KS:  We made some choices. When we started to bring coaches, we had some literacy coaches in the elementary schools, that were supporting teachers. But at Miller-Driscoll, they had split roles–they were also doing intervention. It wasn’t coherent so we had to divide those responsibilities.

As you moved up through Cider Mill, and Middlebrook and the high school, it was a conservative choice to add one mathematics coach and one science coach and one humanities coach, with the understanding that our first priorities were literacy and mathematics. So you’re right, you have one person for a fairly large number of teaching staff. We are working some experimentation in trying to understand what is the right duration and right intensity for a coach.

How much time does a coach need to spend with a teacher, and focus on what, in order to change behavior that improves student achievement? Those are not easily understood variables. It’s part of the complexity of the picture.

The question I come back to is, ‘What’s good for kids?’ In some of our schools, for some of our people, that’s not always the first question. Or they think [they know] what’s best for kids, but it may not actually be best for kids.

Some of the Middlebrook staff said, if it came down to choices, their preference would be to dump the coaches and retain world language on team.

De-teaming would actually create new flexibility for world language. Right now we have some real limitations about who can receive world language and when, because of the way it’s structured. Taking it off team would allow us to give greater access to kids who otherwise don’t get world language. And if we wanted to add new languages, we would have that flexibility too. Seems to me those are good for kids.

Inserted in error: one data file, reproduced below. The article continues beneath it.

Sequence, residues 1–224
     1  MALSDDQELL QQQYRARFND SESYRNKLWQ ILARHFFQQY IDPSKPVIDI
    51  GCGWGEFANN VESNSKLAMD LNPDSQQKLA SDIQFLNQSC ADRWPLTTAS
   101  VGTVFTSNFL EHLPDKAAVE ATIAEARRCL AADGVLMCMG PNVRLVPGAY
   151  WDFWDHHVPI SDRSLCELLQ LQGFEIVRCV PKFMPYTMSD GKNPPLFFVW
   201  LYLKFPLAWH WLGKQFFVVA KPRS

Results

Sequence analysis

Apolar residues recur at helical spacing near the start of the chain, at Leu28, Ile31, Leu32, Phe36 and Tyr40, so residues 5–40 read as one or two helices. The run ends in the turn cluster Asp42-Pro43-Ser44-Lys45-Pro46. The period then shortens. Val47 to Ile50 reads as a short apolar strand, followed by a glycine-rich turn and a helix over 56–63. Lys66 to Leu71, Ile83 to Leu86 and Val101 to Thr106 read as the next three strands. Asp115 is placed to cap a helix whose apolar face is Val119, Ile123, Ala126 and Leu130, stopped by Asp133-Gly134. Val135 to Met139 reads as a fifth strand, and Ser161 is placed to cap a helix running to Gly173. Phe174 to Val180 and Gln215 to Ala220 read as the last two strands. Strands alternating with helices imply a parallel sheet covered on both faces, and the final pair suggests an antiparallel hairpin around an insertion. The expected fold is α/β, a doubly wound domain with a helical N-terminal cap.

I’m a middle school person. In my bones I embrace teaming, because I believe it is what’s best for kids at that age level. My own personal experience for years has been exactly that:  teachers working in teams to support kids, the opportunity for interdisciplinary instruction makes sense. I think it’s absolutely appropriate, and there’s strong research to support that.

So I think the fear that some of the folks have, is that we’re going to make a decision to de-team world language and then go back to an old junior high model and dismantle the entire team structure. I don’t think I would ever do that. I can’t imagine a narrative where I would move in that direction because I don’t believe it’s what’s best for kids.

GMW:  What I’m hearing from you is that this is a process. It can be painful in places, but it’s a process and it’s ongoing, and you’re open to feedback; and you realize it may not make everyone feel the same way all at the same time.

KS:  Yes, and in a system where you have 500 adults, to think we’re going to have a unanimity of perspective is just not realistic. I want to do everything in my power to support teachers and help them. I want people to want to work in Wilton and feel great about the work they’re doing.